Facts + Statistics: Mortality risk

 
Odds of dying from accidental injuries

The chart below shows the likelihood, or odds, of dying as a result of a specific type of accident. The odds of dying over a one-year period are based on the U.S. population as a whole, not on participants in any particular activity or on how dangerous that activity may be. For example, more people are killed in auto accidents than in motorcycle accidents or airplane crashes, not because riding a motorcycle or traveling in an airplane is more or less dangerous, but because far more people travel by car. Drug poisoning is the leading cause of injury death in the United States. The lifetime chances of dying from unintentional poisoning of all kinds were one in 70 in 2016, compared with 1 in 583 in a car accident and 1 in 114,195 for fatal injuries caused by lightning.

 
Odds Of Death In The United States By Selected Cause Of Injury, 2016 (1)

Cause of death Number of deaths,
2016
One-year
odds
Lifetime
odds
Unintentional poisoning by and exposure to noxious substances (2) 58,335 5,539 70
     Drug poisoning 54,793 5,897 75
     Opioids (including both legal and illegal) 37,814 8,545 109
All motor vehicle accidents 40,327 8,013 102
     Car occupants 7,050 45,834 583
     Motorcycle riders 4,861 66,473 846
     Pedestrian Incident 7,330 44,083 561
Assault by firearm 14,415 22,416 285
Exposure to smoke, fire and flames 2,730 118,362 1,506
Fall on and from stairs and steps 2,344 137,853 1,754
Drowning and submersion while in or falling into swimming pool 780 414,266 5,271
Fall on and from ladder or scaffolding 524 616,656 7,845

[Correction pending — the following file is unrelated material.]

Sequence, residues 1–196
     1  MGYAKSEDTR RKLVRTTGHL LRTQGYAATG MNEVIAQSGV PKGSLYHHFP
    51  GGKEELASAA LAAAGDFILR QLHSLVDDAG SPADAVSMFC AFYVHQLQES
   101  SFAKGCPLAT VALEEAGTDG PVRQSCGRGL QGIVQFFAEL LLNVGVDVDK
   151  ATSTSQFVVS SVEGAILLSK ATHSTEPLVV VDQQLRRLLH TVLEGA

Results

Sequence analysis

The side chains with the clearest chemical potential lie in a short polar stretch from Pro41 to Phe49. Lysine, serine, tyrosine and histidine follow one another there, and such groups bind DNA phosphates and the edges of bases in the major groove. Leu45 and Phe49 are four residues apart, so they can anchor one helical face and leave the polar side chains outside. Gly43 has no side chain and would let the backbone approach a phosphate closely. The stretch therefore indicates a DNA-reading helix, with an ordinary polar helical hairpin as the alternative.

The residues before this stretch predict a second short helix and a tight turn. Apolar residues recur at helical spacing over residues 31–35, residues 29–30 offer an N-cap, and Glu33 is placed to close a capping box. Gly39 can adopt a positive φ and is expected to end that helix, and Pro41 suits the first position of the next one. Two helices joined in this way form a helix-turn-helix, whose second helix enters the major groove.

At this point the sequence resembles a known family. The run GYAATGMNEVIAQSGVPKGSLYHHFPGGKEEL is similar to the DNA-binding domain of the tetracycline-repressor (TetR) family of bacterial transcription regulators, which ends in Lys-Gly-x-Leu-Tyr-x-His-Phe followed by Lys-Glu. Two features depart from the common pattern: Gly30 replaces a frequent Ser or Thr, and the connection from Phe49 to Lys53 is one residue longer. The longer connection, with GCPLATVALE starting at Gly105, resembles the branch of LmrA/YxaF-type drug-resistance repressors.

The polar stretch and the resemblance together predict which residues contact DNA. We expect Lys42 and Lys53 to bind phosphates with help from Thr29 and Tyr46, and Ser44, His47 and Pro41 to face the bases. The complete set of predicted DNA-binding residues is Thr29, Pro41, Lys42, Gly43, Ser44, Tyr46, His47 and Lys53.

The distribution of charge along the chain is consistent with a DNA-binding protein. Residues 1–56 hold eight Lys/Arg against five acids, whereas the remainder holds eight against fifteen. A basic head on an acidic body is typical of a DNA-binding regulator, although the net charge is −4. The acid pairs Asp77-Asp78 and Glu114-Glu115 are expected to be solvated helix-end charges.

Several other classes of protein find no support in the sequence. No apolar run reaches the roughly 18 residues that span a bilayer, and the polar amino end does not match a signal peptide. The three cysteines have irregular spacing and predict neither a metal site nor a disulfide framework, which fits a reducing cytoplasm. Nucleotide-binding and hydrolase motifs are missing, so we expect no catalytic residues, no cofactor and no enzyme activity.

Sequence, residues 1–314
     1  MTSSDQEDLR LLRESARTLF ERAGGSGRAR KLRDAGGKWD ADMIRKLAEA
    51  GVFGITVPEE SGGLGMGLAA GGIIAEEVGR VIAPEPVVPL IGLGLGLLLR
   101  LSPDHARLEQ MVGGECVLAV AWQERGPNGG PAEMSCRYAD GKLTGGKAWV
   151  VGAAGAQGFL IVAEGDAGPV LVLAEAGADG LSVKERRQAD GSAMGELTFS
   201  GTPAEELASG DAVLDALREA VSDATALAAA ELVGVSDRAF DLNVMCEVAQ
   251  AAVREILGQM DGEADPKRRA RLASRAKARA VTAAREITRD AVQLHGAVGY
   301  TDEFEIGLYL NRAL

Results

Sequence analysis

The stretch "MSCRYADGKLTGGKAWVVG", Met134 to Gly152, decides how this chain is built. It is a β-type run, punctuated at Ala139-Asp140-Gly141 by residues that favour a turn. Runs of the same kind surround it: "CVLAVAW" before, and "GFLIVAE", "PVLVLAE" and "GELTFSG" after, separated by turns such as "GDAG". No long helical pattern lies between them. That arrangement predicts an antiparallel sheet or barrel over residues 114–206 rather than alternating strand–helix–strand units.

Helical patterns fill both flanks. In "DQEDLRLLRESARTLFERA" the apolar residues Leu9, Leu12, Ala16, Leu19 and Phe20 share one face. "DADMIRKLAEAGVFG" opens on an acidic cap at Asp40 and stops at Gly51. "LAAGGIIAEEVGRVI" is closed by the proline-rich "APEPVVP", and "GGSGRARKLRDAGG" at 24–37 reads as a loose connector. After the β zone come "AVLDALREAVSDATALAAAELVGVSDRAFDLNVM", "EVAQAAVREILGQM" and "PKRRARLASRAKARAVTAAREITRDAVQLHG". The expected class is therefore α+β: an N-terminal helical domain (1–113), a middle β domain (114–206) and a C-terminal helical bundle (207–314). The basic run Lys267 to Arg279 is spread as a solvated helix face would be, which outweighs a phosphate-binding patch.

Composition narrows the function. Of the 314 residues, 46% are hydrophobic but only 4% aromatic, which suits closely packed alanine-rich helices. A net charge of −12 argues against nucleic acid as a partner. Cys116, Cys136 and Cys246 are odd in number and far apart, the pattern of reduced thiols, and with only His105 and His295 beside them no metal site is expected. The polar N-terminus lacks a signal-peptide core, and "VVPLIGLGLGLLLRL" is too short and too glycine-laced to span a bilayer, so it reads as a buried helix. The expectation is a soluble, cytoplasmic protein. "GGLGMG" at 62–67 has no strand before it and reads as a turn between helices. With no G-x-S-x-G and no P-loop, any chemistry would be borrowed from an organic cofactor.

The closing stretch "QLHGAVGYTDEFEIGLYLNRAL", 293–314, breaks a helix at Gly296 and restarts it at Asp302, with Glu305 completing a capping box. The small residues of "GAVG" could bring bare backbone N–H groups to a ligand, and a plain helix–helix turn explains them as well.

Air and space transport accidents 407 793,925 10,101
Firearms discharge (accidental) 300 1,077,092 13,703
Cataclysmic storm (3) 66 4,895,871 62,288
Flood 42 7,693,512 97,882
Lightning 36 8,975,764 114,195
Earthquake and other earth movements 33 9,791,743 124,577
Bitten or struck by dog 31 10,423,468 132,614

(1) Based on fatalities and life expectancy in 2016. Ranked by deaths in 2016.
(2) Includes all types of medications including narcotics and hallucinogens, alcohol and gases.
(3) Includes hurricanes, tornadoes, blizzards, dust storms and other cataclysmic storms.

Source: National Center for Health Statistics; National Safety Council.

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  • The odds of dying from an injury in 2016 were 1 in 1,374 according to the latest data available.
  • The lifetime odds of dying from an injury for a person born in 2016 were 1 in 17.
  • The odds of dying from a drug poisoning of any kind were 1 in 5,539 in 2016; the lifetime odds were 1 in 70 for a person born in 2016.

 
The opioid crisis in the United States

Opioid abuse and addiction is now recognized as a significant public health problem in the United States. Drug poisoning, from prescription and illegal drugs combined, is the leading cause of injury death in the United States. Between 1999 and 2015 deaths from drug poisoning more than tripled from 16,849 in 1999 to 52,404 in 2015, according to the Centers for Disease Control and Prevention (CDC). Opioid analgesics, a group of prescription drugs that are used to alleviate chronic and acute pain, have been increasingly involved in the rise of drug overdose deaths over the same period. In 1999, there were 4,030 deaths attributed to opioid analgesics, accounting for 24 percent of all drug poisoning deaths. By 2014 deaths from opioid analgesics more than quadrupled to 18,893 and accounted for 40 percent of all drug poisoning deaths, according to the CDC.